What Is a Keogh Plan?

What You Need to Know About Keogh Plans

Financial advisor explaining a Keogh retirement plan with client in the client's home.
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A Keogh plan is a type of retirement plan for the self-employed.

Find out what Keogh plans require and how they differ from other retirement plan options.

What Is a Keogh Plan?

A Keogh plan is a tax-deferred retirement plan designed for self-employed people. Keogh plans get their name from the man who created them, Eugene Keogh. He established the Self-Employed Individuals Tax Retirement Act of 1962, also known as the Keogh Act.

In 2001, the Economic Growth and Tax Relief Reconciliation Act (EGTRRA) removed the distinction between Keoghs and other plans. Therefore, the Internal Revenue Code no longer refers to these plans as Keoghs. Since there is no longer a distinction between corporate and other plans, Keoghs are now simply known as HR-10s or qualified plans.

Keoghs can be set up by small businesses that are structured as limited liability companies (LLCs), sole proprietorships, or partnerships. A Keogh is similar to a 401(k) but the annual contribution limits are higher and the reporting requirements more stringent.

Self-employed people have other retirement options as well, such as Simplified Employee Pensions (SEP-IRAs), individual or solo 401(k)s, or Savings Incentive Match Plans for Employees (SIMPLE plans).

  • Alternate name: HR-10, qualified plan

How Do Keogh Plans Work?

As a qualified plan, Keoghs are available in two types: defined contribution plans and defined benefit plans.

Defined Contribution Plans

In a defined contribution plan, you define the contribution that will be made each year, and you can make contributions through profit-sharing or money purchase. With profit-sharing, you can contribute up to $57,000 a year for 2020 and $58,000 for 2021, and you can deduct up to 25% of your income.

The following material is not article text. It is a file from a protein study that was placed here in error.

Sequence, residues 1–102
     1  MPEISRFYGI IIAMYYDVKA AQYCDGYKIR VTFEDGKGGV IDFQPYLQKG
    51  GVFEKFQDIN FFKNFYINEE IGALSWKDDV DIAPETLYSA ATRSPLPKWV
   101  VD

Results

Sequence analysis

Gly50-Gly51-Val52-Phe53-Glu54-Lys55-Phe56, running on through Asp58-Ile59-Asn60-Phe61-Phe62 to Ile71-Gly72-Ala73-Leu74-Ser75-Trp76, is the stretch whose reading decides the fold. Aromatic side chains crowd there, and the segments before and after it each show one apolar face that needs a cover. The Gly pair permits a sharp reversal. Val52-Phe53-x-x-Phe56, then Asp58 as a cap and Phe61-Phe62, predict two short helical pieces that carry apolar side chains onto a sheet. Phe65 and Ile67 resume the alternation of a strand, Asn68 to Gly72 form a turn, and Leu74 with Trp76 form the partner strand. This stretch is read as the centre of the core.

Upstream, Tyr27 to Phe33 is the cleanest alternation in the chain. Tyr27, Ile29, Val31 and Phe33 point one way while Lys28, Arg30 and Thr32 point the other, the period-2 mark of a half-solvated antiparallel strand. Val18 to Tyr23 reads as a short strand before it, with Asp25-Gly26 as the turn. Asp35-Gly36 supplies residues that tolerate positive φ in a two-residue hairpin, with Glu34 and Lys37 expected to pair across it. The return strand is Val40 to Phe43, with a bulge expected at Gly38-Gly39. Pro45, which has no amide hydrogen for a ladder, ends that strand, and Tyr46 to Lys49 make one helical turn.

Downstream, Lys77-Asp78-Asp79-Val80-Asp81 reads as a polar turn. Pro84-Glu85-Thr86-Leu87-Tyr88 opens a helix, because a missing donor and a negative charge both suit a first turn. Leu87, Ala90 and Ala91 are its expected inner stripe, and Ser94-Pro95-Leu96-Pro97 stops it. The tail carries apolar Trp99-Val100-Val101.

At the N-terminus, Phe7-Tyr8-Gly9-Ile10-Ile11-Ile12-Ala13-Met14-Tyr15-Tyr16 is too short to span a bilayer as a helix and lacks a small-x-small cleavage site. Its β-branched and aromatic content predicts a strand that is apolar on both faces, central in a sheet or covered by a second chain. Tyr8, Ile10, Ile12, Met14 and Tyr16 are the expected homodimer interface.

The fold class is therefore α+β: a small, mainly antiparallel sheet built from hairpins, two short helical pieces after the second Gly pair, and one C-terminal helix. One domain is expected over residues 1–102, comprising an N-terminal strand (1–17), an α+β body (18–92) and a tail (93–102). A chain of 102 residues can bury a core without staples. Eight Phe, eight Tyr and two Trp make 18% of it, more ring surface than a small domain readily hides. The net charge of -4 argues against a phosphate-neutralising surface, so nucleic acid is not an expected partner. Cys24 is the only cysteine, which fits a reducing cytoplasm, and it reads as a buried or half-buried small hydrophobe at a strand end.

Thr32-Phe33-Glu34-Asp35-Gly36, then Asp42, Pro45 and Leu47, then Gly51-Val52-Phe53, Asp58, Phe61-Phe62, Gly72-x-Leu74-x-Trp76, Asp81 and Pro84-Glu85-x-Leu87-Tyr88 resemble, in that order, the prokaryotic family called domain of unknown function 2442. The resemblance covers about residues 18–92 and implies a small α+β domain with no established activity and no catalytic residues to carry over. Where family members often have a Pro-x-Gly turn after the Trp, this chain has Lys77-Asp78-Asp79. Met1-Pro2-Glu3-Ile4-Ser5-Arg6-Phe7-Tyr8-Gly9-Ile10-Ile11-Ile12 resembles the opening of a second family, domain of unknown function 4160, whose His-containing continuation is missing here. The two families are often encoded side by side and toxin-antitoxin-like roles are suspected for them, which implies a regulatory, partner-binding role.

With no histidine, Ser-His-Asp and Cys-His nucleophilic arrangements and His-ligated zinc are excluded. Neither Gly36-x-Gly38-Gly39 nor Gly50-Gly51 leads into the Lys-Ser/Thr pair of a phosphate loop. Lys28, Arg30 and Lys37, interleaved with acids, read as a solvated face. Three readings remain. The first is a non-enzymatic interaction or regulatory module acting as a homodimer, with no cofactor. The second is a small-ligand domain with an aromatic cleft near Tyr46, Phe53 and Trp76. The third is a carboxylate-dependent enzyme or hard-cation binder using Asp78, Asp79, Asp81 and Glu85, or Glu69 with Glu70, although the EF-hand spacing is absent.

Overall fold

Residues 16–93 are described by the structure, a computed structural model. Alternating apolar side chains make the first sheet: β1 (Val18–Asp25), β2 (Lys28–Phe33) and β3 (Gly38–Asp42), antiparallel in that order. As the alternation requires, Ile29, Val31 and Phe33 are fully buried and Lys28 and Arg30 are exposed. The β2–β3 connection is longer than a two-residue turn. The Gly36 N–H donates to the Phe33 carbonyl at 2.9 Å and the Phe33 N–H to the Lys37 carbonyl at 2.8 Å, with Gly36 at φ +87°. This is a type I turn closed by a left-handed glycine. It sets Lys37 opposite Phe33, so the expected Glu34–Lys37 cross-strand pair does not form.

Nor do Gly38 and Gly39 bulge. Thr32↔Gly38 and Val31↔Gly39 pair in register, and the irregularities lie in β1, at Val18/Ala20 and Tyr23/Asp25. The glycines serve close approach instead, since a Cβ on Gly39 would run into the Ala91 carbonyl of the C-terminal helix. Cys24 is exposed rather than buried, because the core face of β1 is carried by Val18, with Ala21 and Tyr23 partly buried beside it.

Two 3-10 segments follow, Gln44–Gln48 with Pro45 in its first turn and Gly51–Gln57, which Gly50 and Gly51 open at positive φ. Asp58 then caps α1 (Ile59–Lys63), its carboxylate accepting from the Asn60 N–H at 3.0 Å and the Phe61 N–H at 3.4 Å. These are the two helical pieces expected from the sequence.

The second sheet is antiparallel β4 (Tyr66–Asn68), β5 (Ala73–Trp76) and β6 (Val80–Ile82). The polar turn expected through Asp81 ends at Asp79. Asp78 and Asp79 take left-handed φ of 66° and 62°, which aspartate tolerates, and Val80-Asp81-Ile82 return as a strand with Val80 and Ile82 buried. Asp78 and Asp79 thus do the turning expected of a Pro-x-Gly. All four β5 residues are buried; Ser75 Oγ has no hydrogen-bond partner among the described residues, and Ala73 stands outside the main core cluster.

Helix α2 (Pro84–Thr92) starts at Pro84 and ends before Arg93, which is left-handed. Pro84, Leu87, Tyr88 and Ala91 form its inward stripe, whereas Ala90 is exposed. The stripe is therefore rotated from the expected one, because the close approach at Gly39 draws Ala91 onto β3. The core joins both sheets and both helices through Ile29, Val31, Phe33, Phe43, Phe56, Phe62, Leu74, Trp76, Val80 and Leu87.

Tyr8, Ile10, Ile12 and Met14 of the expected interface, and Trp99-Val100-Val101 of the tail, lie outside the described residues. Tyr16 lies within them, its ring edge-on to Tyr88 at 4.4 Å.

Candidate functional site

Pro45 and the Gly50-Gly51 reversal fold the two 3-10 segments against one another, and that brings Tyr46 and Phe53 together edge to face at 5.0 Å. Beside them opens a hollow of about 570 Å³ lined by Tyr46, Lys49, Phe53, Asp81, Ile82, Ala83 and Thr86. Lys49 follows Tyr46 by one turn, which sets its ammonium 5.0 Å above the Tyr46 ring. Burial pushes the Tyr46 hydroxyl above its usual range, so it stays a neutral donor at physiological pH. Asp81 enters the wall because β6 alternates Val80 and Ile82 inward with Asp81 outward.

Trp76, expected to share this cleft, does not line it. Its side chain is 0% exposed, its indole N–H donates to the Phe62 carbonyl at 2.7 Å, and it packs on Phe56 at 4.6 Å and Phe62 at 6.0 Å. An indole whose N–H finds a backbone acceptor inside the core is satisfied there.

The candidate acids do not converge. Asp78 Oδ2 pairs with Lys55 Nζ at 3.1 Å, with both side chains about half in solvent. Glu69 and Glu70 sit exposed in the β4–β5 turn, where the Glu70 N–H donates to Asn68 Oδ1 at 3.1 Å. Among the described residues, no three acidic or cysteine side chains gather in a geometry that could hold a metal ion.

You can deduct the contributions you make for your employees or yourself if you're self-employed.

The amount you choose to contribute to a profit-sharing plan can change each year.

With a money-purchase plan, you determine at the outset the percentage of profits to be placed in the Keogh, up to 25% of your compensation. But that contribution is fixed and can't be changed.

Defined Benefit Plans

Defined benefit plans work like a traditional pension plan: you set a pension goal for yourself and fund it. You can contribute up to $230,000 a year for 2020 and the same amount for 2021.

Contributions to each type of plan are made on a pre-tax basis, so they're taken out of your taxable salary. You'll pay taxes each pay period on less and have the option of taking an upfront deduction on your annual income tax return.

Investing in a Keogh

As with a traditional 401(k), the money contributed to a qualified plan for the self-employed can be invested tax-deferred until retirement, beginning at age 59 1/2 but no later than age 70. Withdrawals made before that time are taxed on a federal and possibly state level, depending on where you live. Plus, you may pay a 10% penalty for early distributions unless certain exceptions apply.

The money in a Keogh plan can be invested in stocks, bonds, mutual funds, and other investments.

A qualified plan must be established before the end of the year in which you wish to receive the deduction. But you can make contributions for the prior year before you file your tax return by mid-April or, if you file an extension, by mid-October.

Keogh Plan vs. 401(k)

Keogh vs. 401(k)
Keogh 401(k)
Contributions can be made any time before filing taxes Contributions must be made by Dec. 31
Can contribute up to $230,000 depending on plan Can contribute up to $19,500 ($26,000 if over age 50)
Rigorous reporting Simplified reporting
Taxes deferred on earnings until distributions are taken Post-tax (Roth) contributions allowed
No loan allowed Can take out loan on the balance
Employer contributions Employer and employee contributions

The Balance does not provide tax, investment, or financial services and advice. The information is being presented without consideration of the investment objectives, risk tolerance, or financial circumstances of any specific investor and might not be suitable for all investors. Past performance is not indicative of future results. Investing involves risk including the possible loss of principal.

Key Takeaways

  • A Keogh plan is a kind of retirement savings option for self-employed people.
  • Keogh plans were created in 1962, but now are referred to by the IRS as HR-10s or qualified plans.
  • Keoghs can be defined benefit or defined contribution plans.